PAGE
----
Photos and VideosMore Photos and Videos
San Diego Chargers General Manager A.J. Smith stands by the caliber of people in his organization.
In the past seven seasons, Chargers General Manager A.J. Smith has served a championship-starved city seven platters of inaccessible product.
Filet mignon with a plastic spork. Lobster bisque with a butterknife. Super Bowl hype with no trophy, over and over.
In light of annual letdowns that include a 3-5 record in the playoffs and a recent 9-7 season that fell short, Smith said Friday he understands any fan frustration or impatience. That said, he takes exception to a perceived growing local sentiment that those atop the Chargers organization are incompetent or incapable of guiding the franchise.
“When I think of what we've accomplished — first of all, we're not world champions, and I don't like it,” said Smith, who is entering his ninth season as GM. “But when I think about the last eight years of where we are, I just wish people would be a little bit — and I'm trying to get a pulse from other people I hear, that none of us are good enough.
“In the National Football League, I get the opposite opinion from owners, general managers and executives as they talk about our organization. And sometimes I feel others feel we're all very worthless people. That bothers me. I don't know if that's a theme that's existing, but I don't believe that's true.”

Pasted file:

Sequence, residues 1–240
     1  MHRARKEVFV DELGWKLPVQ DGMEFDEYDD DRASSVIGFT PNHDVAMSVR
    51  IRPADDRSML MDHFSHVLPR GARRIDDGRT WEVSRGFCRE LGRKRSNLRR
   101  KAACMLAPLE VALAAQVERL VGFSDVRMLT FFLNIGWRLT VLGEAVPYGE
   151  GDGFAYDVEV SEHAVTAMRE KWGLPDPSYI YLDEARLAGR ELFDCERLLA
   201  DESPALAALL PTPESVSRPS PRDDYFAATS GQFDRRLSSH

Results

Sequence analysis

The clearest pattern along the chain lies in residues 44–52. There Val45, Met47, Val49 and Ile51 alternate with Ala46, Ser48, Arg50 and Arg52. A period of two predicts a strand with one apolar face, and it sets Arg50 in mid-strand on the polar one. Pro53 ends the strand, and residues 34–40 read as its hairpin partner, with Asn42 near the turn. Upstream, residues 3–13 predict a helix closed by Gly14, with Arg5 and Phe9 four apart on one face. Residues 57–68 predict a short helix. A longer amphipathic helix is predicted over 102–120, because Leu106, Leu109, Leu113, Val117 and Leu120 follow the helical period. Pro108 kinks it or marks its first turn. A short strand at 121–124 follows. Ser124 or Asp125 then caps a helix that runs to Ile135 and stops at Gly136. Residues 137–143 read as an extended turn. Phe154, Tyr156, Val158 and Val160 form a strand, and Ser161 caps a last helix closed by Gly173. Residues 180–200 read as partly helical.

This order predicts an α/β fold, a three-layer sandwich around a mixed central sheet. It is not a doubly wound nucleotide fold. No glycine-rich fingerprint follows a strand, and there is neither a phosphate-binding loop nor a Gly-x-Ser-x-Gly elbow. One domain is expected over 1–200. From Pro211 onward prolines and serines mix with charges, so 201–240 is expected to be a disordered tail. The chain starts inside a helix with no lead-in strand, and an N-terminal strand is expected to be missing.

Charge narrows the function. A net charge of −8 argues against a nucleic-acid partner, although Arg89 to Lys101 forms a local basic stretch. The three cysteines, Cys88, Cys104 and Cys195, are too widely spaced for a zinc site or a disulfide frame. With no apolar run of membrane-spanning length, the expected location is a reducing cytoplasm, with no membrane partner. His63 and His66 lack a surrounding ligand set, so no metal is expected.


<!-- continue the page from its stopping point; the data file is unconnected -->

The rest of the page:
Annual heartbreak aside, maybe the past eight years haven't been so bad.
In 2003, Smith inherited a franchise living in the lowest of lows, a doormat that experienced neither a playoff berth nor winning record for seven straight seasons, the second-longest famine in team history.
The Chargers now, for the first time in their 41 years in the NFL, have gone seven straight seasons without a losing record. Before this past season, they had five playoff berths in six years, the best stretch since their AFL inception 51 years ago.
A total turnaround, but still, no Super Bowls.
Hence the palpable ongoing fan irritation on radio shows, article comment sections, message boards and word of mouth.
The fans are starving.
“I've always said the passion of the fan is unbelievable, and it's a good thing,” Smith said. “They want it now. They want a world championship right now, and if the people that are there can't provide it, then get somebody else in here that can because we want a parade, and we want a trophy. We want it. That doesn't bother me as much. It's part of the whole thing.”
What did bother him was the 2010 season, a campaign he calls a “wasted year.” He wants no more of it.
Smith did not watch the playoffs. He will not watch the Super Bowl. He is too consumed by April's draft, studying college film in his second-floor office inside the Chargers complex.
On Feb. 7, the day after the Super Bowl, a new football year begins. Smith will hold a two-day conference with several team executives. They will evalutate the organization from top to bottom, from every player, doctor to individual staff member.
Then they get back in the kitchen. They cook something they hope, for once, goes unspoiled.
“Eighty (wins) in eight years. Five AFC West Division Championships,” Smith said. “When we did go (to the playoffs), we didn't do anything with our opportunity. ...Overall, I think we're a good football team and a good organization, and I think we've got some good people, but this is unacceptable.
“We have blown, in my opinion, the opportunity in '10. It's gone. We cannot get it back. What are we going to do about it? What are we going to do about it? We're going to hit '11; that's what we're going to do. We're going to get after it. We're going to have some answers, and we'll rebound back.”